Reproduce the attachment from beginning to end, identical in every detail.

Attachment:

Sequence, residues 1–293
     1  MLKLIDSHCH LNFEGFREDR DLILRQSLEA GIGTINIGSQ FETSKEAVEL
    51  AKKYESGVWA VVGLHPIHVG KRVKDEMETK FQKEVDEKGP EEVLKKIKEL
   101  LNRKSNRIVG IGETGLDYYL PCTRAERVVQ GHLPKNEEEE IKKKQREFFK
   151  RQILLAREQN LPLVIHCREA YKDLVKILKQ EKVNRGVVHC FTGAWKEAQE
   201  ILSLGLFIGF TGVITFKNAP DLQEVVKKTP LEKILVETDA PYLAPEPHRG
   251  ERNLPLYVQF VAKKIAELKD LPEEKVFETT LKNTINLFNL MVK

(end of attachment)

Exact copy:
Sequence, residues 1–293
     1  MLKLIDSHCH LNFEGFREDR DLILRQSLEA GIGTINIGSQ FETSKEAVEL
    51  AKKYESGVWA VVGLHPIHVG KRVKDEMETK FQKEVDEKGP EEVLKKIKEL
   101  LNRKSNRIVG IGETGLDYYL PCTRAERVVQ GHLPKNEEEE IKKKQREFFK
   151  RQILLAREQN LPLVIHCREA YKDLVKILKQ EKVNRGVVHC FTGAWKEAQE
   201  ILSLGLFIGF TGVITFKNAP DLQEVVKKTP LEKILVETDA PYLAPEPHRG
   251  ERNLPLYVQF VAKKIAELKD LPEEKVFETT LKNTINLFNL MVK